18.104.22.168. Stimuli and Procedure.
Four different velocity conditions were tested, 11.59°/s (fast), 2.32°/s (medium), 0.58°/s (slow), and the same real-time velocity as the head rotation (matched). The fast, medium and slow velocities were determined arbitrarily during a pilot experiment which covered a reasonably wide range from the velocity approximating the perceived velocity of MAE (based on one author’s experience) to the velocity of the rapidly moving adapters in Experiment 1a. The matched condition was included because we were interested whether head movements had any special influence on the real motion that had the same real-time velocity as head rotation. The stimulus parameters were similar to those in Experiment 1a. Each session included 30 trials. Subjects were told to maintain a good central fixation throughout a session.
In the head-movement condition, the head position was always at the rightmost side in the beginning of a session. Subjects pressed the space bar to start a trial. Immediately after the keypress, the two gratings started to drift horizontally in the opposite directions, and the subjects rotated the heads to the left. The drifting directions of the gratings were fixed within a trial but pseudo-randomized across the trials. Once the heads reached the leftmost side, subjects pressed the UpArrow or DownArrow key to report which of the two gratings appeared to move faster. After the keypress, the gratings disappeared, and the display was replaced with a whole-screen white noise image counter-phase flickering at 10 Hz for 5 s to avoid any residual MAE between successive trials. Thereafter, the subjects pressed the space bar to start the second trial. Meanwhile, they rotated the heads from the leftmost side to the right. This procedure was repeated for 30 trials.
In the head-still condition, the stimuli and task were the same as in the head-movement condition, except that subjects kept the heads still all the time. Each subject completed two head-movement sessions and two head-still sessions, with the session sequence counter-balanced both within and between the subjects.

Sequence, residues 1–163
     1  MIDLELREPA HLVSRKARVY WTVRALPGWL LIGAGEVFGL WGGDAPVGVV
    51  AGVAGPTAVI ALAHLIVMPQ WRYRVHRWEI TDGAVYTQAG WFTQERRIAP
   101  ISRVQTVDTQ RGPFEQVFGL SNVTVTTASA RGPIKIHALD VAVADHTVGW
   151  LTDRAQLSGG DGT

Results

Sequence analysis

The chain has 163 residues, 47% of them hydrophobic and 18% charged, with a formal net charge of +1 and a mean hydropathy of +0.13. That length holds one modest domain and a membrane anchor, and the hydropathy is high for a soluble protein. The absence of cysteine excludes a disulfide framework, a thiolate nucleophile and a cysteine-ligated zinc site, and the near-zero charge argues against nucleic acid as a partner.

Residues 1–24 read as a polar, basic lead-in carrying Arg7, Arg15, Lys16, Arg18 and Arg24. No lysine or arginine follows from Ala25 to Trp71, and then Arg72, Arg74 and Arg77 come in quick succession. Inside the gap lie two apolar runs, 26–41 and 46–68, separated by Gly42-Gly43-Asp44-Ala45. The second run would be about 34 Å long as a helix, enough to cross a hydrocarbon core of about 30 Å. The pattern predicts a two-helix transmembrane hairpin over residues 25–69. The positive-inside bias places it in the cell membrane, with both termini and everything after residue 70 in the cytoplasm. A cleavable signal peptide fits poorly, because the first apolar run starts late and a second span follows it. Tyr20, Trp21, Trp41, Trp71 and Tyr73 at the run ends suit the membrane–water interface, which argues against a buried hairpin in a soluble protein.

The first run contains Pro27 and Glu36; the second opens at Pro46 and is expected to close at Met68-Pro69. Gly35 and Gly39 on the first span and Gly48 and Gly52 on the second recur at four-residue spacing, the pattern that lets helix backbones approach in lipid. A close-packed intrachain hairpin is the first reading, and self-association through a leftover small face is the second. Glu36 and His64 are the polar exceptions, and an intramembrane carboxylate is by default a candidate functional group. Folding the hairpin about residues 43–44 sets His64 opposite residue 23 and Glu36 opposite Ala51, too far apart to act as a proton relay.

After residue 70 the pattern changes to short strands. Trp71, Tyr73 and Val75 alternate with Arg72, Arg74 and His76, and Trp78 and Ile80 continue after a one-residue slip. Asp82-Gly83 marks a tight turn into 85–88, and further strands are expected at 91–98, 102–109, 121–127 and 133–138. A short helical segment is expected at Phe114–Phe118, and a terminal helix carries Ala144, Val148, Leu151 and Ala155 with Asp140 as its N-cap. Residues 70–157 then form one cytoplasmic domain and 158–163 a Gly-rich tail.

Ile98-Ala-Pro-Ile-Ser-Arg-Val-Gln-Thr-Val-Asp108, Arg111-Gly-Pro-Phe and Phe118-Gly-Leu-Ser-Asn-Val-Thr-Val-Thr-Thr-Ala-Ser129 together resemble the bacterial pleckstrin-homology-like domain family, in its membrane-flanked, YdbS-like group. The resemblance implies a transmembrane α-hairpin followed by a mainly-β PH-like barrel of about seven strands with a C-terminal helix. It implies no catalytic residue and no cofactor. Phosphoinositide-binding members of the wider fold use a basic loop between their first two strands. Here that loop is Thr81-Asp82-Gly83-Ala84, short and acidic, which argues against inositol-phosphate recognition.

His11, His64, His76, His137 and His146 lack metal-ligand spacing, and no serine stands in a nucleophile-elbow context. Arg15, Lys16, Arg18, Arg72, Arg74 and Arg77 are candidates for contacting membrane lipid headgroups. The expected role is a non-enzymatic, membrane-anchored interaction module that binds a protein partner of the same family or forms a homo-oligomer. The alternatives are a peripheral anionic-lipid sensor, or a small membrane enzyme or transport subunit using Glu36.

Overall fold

The stimulus parameters and procedure for the matched condition were identical to those of the other velocity conditions except the following. The drifting velocity of the gratings were identical to that of the head rotation in real time. In the head-still condition, the drifting speed of the gratings was the average velocity of head rotation in its preceding head-movement session. Each subject completed five sessions, including three head-movement sessions and two head-still sessions. The session order was HM–HS–(HM)–HS–HM in half the subjects and (HM)–HS–HM–HM–HS in the rest of subjects, where HM and HS were the abbreviations of ‘head movement’ and ‘head still’. The HM sessions in the parentheses were only used to provide the average velocity of head rotation for their following HS sessions.
The same analysis was performed as in Experiment 1a.
2.2. Experiment 2
One concern in Experiment 1a was whether the subjects had a response bias during the head rotation. To rule out this alternative explanation, we conducted Experiment 2 where in most trials the test gratings were physically static but the subjects were instructed that the gratings were moving in the same way as in Experiment 1a but extremely slowly. The response bias explanation would predict the same result pattern in this experiment as in Experiment 1a.
The same group of participants in Experiment 1a participated in Experiments 2.
22.214.171.124. Stimuli and Procedure.
The stimuli and procedure were the same as in Experiment 1b except the following. Each session included 35 trials. In 5 of these trials, the gratings drifted at 0.58°/s. In the other 30 trials, the gratings were in fact stationary, though the subjects were told that in all the trials the grating in the upper visual field drifted extremely slowly to the right, and the grating in the lower visual field drifted extremely slowly to the left. The 5 trials with slow physical motion were used to encourage the subjects to believe the instruction and to engage sufficient attention during the experiment.
The analysis was the same as in Experiment 1a. However, we only analyzed the data for the 30 trials where the gratings were physically static.
2.3. Experiment 3
If voluntary head rotation gave rise to a direction-specific effect on the perceived velocity of the MAE and real motion, was it due to an efference copy signal generated in motor programming (Sperry, 1950; von Holst and Mittelstaedt, 1950)? Therefore, Experiment 3 replicated all the sub-experiments of Experiment 1 and included both the voluntary and passive head movement conditions.